Tuesday, April 17, 2007

Tales of the expected

[This is the pre-edited version of my latest Muse article for Nature online news.]

A recent claim of water on an extrasolar planet raises broader questions about how science news is reported.

“Scientists discover just what they expected” is not, for obvious reasons, a headline you see very often. But it could serve for probably a good half of the stories reported in the public media, and would certainly have been apt for the recent reports of water on a planet outside our solar system.

The story is this: astronomer Travis Barman of the Lowell Observatory in Flagstaff, Arizona, has claimed to find a fingerprint of water vapour in the light from a Sun-like star 150 light years away as it passes through the atmosphere of the star’s planet HD 209458b [T. Barman, Astrophys. J. in press (2007); see the paper here].

The claim is tentative and may be premature. But more to the point, at face value it confirms precisely what was expected for HD 209458b. Earlier observations of this Jupiter-sized planet had failed to see signs of water – but if it were truly absent, something would be seriously wrong with our understanding of planetary formation.

The potential interest of the story is that water is widely considered by planetary scientists to be the prerequisite for life. But if it’s necessary, it is almost certainly not sufficient. There is water on most of the other planets in our solar system, as well as several of their moons and indeed in the atmosphere of the Sun itself. But as yet there is no of sign of life on any of them.

The most significant rider is that to support life as we know it, water must be in the liquid state, not ice or vapour. That may be the case on Jupiter’s moons Europa and Callisto, as it surely once was (and may still be, sporadically) on Mars. But in fact we don’t even know for sure that water is a necessary condition for life: there is no reason to think, apart from our unique experience of terrestrial life, that other liquid solvents could not sustain living systems.

All of this makes Barman’s discovery – which he reported with such impeccable restraint that it could easily have gone unnoticed – intriguing, but very modestly so. Yet it has been presented as revelatory. “There may be water beyond our solar system after all”, exclaimed the New York Times. “First sign of water found on an alien world”, said New Scientist (nice to know that, in defiance of interplanetary xenophobia, Martians are no longer aliens).

As science writers are dismayingly prone to saying sniffily “oh, we knew that already”, I’m hesitant to make too much of this. It’s tricky to maintain a perspective on science stories without killing their excitement. But the plain fact is that there is water in the universe almost everywhere we look – certainly, it is a major component of the vast molecular clouds from which stars and planets condense.

And so it should be, given that its component atoms hydrogen and oxygen are respectively the most abundant and the third most common in the cosmos. Relatively speaking, ours is a ‘wet’ universe (though yes, liquid water is perhaps rather rare).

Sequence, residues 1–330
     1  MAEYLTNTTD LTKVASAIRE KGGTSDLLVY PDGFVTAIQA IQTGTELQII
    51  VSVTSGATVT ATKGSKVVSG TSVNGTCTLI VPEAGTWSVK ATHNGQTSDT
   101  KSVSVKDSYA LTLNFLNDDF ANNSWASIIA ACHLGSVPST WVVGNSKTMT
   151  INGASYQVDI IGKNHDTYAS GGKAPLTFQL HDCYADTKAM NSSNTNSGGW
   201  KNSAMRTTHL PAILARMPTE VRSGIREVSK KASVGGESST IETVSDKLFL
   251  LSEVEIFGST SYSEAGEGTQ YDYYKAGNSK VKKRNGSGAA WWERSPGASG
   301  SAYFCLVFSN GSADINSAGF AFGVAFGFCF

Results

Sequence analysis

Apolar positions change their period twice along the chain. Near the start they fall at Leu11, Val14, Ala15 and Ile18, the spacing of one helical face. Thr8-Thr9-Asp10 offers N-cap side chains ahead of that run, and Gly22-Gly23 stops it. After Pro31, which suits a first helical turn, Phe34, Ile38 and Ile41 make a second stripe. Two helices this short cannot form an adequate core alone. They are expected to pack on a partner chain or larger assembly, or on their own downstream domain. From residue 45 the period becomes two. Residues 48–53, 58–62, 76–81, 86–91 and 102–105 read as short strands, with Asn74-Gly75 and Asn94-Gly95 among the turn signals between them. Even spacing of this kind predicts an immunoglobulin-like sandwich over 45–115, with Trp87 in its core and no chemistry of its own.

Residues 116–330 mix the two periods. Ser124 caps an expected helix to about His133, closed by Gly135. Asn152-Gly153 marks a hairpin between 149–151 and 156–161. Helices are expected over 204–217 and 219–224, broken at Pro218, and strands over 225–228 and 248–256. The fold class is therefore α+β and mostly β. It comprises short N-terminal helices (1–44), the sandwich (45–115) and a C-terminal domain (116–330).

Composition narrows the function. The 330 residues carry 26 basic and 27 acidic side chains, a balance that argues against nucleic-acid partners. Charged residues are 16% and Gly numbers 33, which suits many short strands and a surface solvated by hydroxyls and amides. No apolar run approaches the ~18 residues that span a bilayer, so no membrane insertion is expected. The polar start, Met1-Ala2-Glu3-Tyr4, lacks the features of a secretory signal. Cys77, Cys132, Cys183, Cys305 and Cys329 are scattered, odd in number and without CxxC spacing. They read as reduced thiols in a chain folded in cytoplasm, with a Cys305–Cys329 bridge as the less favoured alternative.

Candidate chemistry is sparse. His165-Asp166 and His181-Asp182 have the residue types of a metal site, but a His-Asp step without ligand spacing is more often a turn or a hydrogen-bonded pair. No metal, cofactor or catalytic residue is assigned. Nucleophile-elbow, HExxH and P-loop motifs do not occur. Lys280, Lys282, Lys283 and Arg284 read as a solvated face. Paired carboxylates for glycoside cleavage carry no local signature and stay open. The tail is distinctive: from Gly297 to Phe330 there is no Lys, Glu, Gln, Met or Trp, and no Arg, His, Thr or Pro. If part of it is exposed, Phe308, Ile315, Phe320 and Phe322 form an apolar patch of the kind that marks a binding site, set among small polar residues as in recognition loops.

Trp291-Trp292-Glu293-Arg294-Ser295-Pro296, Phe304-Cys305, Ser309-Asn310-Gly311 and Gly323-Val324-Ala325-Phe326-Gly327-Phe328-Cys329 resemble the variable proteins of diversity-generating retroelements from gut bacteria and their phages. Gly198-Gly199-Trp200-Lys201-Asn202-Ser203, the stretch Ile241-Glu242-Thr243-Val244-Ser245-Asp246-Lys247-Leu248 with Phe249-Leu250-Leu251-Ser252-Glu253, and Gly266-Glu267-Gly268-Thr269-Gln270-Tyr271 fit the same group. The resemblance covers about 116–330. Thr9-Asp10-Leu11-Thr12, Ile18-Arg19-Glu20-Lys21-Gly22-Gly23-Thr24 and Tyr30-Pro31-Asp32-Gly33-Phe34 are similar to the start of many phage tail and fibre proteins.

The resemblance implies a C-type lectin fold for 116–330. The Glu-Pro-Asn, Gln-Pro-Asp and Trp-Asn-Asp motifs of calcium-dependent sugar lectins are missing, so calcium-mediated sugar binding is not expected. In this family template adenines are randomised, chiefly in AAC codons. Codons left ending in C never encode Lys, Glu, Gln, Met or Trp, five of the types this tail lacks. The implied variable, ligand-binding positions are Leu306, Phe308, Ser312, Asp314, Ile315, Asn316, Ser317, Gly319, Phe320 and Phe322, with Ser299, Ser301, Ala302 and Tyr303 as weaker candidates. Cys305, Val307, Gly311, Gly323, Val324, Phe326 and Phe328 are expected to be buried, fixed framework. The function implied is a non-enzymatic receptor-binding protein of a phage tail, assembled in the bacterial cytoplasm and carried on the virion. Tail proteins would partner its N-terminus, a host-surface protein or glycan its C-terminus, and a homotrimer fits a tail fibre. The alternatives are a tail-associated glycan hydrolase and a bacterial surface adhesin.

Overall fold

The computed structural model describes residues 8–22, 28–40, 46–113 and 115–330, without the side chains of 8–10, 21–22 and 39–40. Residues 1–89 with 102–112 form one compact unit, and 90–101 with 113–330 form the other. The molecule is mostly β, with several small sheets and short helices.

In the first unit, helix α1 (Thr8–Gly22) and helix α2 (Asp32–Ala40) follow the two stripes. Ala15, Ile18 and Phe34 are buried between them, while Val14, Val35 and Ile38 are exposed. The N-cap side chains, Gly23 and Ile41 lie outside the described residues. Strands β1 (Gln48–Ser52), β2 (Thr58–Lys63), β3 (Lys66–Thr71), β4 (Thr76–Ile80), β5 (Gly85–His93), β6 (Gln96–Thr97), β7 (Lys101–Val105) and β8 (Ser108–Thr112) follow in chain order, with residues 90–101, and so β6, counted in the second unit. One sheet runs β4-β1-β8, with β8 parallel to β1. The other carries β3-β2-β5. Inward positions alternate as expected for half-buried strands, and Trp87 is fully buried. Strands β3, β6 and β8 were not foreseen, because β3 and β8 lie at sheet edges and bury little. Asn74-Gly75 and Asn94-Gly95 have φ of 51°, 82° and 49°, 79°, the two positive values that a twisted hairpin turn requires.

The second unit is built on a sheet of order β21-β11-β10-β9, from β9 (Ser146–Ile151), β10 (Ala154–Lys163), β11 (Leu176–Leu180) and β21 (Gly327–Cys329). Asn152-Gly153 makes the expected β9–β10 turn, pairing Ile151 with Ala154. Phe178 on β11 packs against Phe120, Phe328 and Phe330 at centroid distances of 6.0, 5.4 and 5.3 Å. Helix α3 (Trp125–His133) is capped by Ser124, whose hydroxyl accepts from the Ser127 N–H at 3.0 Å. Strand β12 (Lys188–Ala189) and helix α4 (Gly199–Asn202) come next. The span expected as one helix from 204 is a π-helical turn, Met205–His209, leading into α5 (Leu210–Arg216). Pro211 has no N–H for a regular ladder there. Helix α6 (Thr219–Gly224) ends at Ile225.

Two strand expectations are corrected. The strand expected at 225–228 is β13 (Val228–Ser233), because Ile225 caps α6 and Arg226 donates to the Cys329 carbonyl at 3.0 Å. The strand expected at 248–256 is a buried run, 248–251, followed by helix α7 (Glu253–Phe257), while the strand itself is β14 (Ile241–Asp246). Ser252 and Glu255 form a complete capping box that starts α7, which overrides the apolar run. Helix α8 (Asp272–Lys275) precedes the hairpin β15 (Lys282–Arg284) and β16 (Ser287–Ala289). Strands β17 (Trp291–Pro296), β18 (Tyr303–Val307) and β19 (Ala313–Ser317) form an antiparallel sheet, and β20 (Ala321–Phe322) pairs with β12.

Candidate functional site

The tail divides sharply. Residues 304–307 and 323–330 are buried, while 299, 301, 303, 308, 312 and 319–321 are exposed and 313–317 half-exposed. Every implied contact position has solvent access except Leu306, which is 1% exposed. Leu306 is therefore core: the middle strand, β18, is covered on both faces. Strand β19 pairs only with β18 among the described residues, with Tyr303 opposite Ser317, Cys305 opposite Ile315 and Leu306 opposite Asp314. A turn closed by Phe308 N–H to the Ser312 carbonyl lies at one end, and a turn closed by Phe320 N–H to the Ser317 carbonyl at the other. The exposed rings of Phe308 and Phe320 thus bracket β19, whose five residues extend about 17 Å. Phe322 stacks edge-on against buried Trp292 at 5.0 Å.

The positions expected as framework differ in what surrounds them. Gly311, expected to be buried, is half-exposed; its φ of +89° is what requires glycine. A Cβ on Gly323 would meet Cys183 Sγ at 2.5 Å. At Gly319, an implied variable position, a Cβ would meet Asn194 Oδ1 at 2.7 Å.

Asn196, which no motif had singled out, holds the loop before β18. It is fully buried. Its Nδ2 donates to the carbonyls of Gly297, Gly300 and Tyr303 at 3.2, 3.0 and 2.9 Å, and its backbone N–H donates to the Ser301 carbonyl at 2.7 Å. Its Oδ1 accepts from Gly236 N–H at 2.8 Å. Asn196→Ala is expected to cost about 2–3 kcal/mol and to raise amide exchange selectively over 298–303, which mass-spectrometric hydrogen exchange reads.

The truth is that scientists work awfully hard to verify what lazier types might be happy to take as proven. Few doubted that Arthur Eddington would see, in his observations of a solar eclipse in 1919, the bending of light predicted by Einstein’s theory of general relativity. But it would seem churlish in the extreme to begrudge the headlines that discovery generated.

Similarly, it would be unfair to suggest that we should greet the inevitable sighting of the Higgs boson (the so-called ‘God’ particle thought to give other particles their mass) with a shrug of the shoulders, once it turns up at the billion-dollar particle accelerator constructed at CERN in Geneva.

These painstaking experiments are conducted not so that their ‘success’ produces startling front-page news but because they test how well, or how poorly, we understand the universe. Both relativity and quantum mechanics emerged partly out of a failure to find the expected.

In the end, the interest of science news so often resides not in discovery but in context: not in what the experiment found, but in why we looked. Barman’s result, if true, tells us nothing we did not know before, except that we did not know it. Which is why it is still worth knowing.


Anonymous said...

歐美a免費線上看,熊貓貼圖區,ec成人,聊天室080,aaa片免費看短片,dodo豆豆聊天室,一對一電話視訊聊天,自拍圖片集,走光露點,123456免費電影,本土自拍,美女裸體寫真,影片轉檔程式,成人視訊聊天,貼圖俱樂部,辣妹自拍影片,自拍電影免費下載,電話辣妹視訊,情色自拍貼圖,卡通做愛影片下載,日本辣妹自拍全裸,美女裸體模特兒,showlive影音聊天網,日本美女寫真,色情網,台灣自拍貼圖,情色貼圖貼片,百分百成人圖片 ,情色網站,a片網站,ukiss聊天室,卡通成人網,3級女星寫真,080 苗栗人聊天室,成人情色小說,免費成人片觀賞,

傑克論壇,維納斯成人用品,免費漫畫,內衣廣告美女,免費成人影城,a漫,國中女孩寫真自拍照片,ut男同志聊天室,女優,網友自拍,aa片免費看影片,玩美女人短片試看片,草莓論壇,kiss911貼圖片區,免費電影,免費成人,歐美 性感 美女 桌布,視訊交友高雄網,工藤靜香寫真集,金瓶梅免費影片,成人圖片 ,女明星裸體寫真,台灣處女貼圖貼片區,成人小遊戲,布蘭妮貼圖片區,美女視訊聊天,免費情色卡通短片,免費av18禁影片,小高聊天室,小老鼠論壇,免費a長片線上看,真愛love777聊天室,聊天ukiss,情色自拍貼圖,寵物女孩自拍網,免費a片下載,日本情色寫真,美女內衣秀,色情網,

Anonymous said...


女優王國,免費無碼a片,0800a片區,免費線上遊戲,無名正妹牆,成人圖片,寫真美女,av1688影音娛樂網,dodo豆豆聊天室,網拍模特兒,成人文學,免費試看a片,a片免費看,成人情色小說,美腿絲襪,影片下載,美女a片,人體寫真模特兒,熊貓成人貼,kiss情色,美女遊戲區,104 貼圖區,線上看,aaa片免費看影片,天堂情色,躺伯虎聊天室,洪爺情色網,kiss情色網,貼影區,雄貓貼圖,080苗栗人聊天室,都都成人站,尋夢園聊天室,a片線上觀看,無碼影片,情慾自拍,免費成人片,影音城論壇,情色成人,最新免費線上遊戲,a383影音城,美腿,色情寫真,xxx383成人視訊,視訊交友90739,av女優影片,